The jet of many talents: On board the the Pilatus PC prop plane
by Simon de Burton
The extremely versatile Pilatus PC is the thinking person’s prop plane, says Simon de Burton...
A recent invitation to the low-key-luxurious Carnegie Club at Skibo Castle in the Scottish Highlands doubled as an opportunity to experience one of the most versatile small to medium-sized private aircraft on the market – the Pilatus PC-12, the single-engined turbo prop that effectively created a new class when it went into production back in 1994.
Pilatus, Switzerland’s only aircraft manufacturer, introduced the PC-12 as an all-round plane with a large cargo capacity and the useful ability to land and take off in short distances on unmetalled surfaces. Soon, however, the usefulness and adaptability of the PC-12 led to a growing demand from business users after it proved itself to be superbly reliable and capable of being configured in numerous ways, as well as being economical to operate and with almost unmatched residual value.
As a result, the second generation PC-12 NG, which has now been available for a decade, could be termed “the thinking person’s private plane”. In its very latest form it offers the most powerful and under-stressed version yet of the Pratt & Whitney turboprop engine, a state-of-the-art Honeywell Primus Apex touchscreen avionics suite that was developed especially, and myriad interior configurations that enable it to be built as anything from an eight-seat executive aircraft to a “combi” layout capable of carrying a family of four and, perhaps, your favourite motorbike or other form of small ground vehicle.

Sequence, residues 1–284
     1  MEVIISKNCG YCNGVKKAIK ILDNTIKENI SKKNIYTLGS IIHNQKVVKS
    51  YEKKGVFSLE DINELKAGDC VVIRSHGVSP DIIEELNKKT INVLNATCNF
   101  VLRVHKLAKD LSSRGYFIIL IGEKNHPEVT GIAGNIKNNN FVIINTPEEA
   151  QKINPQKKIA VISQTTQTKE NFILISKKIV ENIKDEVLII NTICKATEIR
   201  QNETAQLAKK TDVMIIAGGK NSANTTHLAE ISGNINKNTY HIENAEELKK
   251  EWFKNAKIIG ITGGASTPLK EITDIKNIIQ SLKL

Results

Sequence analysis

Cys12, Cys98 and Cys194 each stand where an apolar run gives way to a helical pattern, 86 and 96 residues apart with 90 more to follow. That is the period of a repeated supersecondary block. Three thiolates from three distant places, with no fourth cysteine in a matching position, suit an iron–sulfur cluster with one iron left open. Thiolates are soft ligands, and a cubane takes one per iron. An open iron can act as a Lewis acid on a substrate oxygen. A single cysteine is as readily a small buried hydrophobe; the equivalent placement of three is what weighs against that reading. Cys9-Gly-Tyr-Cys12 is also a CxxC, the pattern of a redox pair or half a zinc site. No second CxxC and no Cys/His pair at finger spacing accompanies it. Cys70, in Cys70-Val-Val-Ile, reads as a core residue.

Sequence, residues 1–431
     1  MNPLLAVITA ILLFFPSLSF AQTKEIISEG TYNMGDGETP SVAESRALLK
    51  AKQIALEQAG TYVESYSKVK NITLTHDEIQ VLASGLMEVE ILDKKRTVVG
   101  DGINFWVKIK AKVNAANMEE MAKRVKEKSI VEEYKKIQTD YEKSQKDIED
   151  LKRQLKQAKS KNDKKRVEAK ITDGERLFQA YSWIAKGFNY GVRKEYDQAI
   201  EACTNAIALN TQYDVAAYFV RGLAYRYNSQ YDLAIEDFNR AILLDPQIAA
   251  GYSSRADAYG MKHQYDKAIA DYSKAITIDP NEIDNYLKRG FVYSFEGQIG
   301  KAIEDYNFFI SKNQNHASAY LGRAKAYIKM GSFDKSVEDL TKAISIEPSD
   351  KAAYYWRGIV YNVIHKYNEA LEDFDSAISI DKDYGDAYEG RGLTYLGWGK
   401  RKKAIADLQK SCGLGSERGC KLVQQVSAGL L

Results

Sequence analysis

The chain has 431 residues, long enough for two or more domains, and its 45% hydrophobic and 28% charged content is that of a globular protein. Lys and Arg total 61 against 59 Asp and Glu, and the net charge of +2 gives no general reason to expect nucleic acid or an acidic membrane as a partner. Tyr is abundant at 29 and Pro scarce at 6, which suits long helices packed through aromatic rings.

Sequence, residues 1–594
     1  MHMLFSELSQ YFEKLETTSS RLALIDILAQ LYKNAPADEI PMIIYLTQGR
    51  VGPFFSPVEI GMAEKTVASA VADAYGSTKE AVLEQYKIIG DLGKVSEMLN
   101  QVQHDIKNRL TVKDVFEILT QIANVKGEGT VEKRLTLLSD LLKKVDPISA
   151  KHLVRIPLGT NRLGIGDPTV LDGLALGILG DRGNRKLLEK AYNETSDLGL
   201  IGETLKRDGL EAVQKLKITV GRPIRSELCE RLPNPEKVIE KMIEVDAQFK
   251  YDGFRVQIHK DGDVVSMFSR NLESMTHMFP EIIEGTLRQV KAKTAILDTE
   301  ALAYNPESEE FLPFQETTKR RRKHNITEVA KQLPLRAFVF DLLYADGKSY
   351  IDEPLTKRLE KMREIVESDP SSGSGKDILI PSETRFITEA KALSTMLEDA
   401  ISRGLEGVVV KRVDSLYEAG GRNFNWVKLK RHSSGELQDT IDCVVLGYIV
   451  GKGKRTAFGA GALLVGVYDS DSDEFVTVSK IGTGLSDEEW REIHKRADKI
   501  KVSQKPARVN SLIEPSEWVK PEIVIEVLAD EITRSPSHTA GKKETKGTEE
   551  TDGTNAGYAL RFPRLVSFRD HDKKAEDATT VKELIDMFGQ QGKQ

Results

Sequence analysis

The PC-12 created such a good name for Pilatus that when the firm announced five years ago that it was developing a twin- engined business jet, the PC-24, offering similar versatility to the turboprop but with greater performance, it caused high excitement – and orders for the first 84 were taken as soon as the books were opened. The first of these super-versatile jets was delivered at the start of this year, with a further 22 destined to reach customers before 2019. It is by no means a replacement for the PC-12 or NG, merely a faster, more sophisticated alternative. And, for prospective buyers with a $5 million to $10 million budget, it may have created something of a dilemma. oriensaviation.com
Pilatus PC-12 NG
Maximum cruise: 528km/h
Maximum altitude: 9,144m
Range (with 363kg payload): 2,995km
Maximum payload: 1,024kg
Residual value at 10 years old (approx): 80%
Price: $5m (depending on specification)
Maximum cruise: 815km/h
Maximum altitude: 13,716m
Range (with 363kg payload): 3,769km
Maximum payload: 1,144kg
Residual value at 10 years old: N/A
Price: $8.9m (depending on specification)